Devastations at volcano Semeru, between 1907 and 1931 (Tropenmuseum, part of the National Museum of World Cultures). By Tropenmuseum, part of the National Museum of World Cultures [CC BY-SA 3.0], via Wikimedia Commons.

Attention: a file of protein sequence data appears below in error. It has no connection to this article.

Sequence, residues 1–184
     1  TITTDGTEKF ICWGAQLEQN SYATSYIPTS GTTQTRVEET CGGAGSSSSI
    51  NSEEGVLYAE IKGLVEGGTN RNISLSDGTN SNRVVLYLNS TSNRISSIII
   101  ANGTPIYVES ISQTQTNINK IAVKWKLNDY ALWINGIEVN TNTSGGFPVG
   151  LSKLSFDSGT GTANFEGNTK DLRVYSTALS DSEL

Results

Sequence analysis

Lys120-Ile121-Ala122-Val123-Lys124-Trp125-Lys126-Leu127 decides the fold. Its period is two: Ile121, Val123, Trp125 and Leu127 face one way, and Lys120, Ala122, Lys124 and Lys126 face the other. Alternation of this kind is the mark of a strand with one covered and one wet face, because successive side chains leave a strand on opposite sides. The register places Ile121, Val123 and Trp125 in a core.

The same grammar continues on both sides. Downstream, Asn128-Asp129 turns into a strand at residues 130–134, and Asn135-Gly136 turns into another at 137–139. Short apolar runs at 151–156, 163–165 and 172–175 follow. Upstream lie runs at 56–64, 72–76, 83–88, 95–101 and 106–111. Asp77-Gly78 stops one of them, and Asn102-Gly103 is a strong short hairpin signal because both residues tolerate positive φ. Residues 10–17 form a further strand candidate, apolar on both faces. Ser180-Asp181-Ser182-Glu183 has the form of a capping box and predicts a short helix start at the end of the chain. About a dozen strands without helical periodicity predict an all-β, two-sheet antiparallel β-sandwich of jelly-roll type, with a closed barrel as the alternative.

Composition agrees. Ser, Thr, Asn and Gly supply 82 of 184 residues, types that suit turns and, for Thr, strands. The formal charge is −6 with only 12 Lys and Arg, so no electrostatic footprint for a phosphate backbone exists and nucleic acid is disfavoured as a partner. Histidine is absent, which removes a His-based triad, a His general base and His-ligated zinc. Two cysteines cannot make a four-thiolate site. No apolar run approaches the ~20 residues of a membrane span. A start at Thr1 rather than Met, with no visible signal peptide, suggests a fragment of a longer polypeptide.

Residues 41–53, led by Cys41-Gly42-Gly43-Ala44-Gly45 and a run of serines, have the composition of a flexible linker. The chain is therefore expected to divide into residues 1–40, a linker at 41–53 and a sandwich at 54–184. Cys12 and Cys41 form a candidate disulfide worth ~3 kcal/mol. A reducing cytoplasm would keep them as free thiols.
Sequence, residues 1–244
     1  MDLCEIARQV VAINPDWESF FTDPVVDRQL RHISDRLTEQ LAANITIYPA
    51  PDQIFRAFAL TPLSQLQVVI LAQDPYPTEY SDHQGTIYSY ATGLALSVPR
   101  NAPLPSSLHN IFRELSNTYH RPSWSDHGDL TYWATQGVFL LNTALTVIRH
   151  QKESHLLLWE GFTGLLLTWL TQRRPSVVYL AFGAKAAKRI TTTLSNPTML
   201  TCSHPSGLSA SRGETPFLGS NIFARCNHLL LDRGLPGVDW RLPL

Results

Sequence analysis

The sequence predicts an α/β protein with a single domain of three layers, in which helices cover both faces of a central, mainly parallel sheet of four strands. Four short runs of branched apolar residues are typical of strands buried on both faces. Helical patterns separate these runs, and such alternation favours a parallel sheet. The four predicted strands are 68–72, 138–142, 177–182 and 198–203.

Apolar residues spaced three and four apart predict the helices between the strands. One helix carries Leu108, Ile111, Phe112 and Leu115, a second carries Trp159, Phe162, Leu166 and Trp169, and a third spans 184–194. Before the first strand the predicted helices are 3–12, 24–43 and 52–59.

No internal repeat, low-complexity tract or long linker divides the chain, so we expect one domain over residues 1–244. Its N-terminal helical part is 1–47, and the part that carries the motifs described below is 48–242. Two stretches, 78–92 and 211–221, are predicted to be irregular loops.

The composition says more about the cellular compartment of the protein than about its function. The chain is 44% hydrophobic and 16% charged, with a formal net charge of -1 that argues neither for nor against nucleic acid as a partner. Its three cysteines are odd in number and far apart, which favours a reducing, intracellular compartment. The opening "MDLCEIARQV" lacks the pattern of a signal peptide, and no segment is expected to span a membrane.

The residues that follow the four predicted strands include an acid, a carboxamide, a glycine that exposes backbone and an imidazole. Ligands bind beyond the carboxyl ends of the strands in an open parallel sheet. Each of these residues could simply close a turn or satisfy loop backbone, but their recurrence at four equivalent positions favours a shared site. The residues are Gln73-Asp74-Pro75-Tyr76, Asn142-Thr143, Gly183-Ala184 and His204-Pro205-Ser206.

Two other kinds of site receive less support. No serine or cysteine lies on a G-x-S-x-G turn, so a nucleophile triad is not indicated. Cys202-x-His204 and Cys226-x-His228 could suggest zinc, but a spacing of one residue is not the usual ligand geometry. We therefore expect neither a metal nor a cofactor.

The disaster led to the creation of not only European-led, but also separate Indonesian-Chinese (which later merged) and indigenous fundraising committees. The indigenous committees were initiated by the nationalist Sarekat Islam (Islamic Union) movement and consisted of cooperation between nearly two dozen indigenous associations, with the explicit goal of improving indigenous solidarity and nationalist spirit. While the amount of money raised by the committees was relatively low compared to its European counter-part, it illustrates a trend toward expressions of indigenous nationalism through charity that could be seen in other colonies as well, such as British India and French Indochina. Through the late colonial period, the colonial government held to the position that while it was responsible for providing emergency aid, the money for compensations and material recovery should come from society. This gave space to private charity to step in to fill this void and stimulated involvement of civil society organisations.